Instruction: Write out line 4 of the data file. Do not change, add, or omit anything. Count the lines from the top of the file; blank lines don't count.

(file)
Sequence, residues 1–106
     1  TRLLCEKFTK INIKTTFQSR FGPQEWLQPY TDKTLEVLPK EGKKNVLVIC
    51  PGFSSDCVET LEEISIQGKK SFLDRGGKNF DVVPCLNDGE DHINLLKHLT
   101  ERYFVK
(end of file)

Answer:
   101  ERYFVK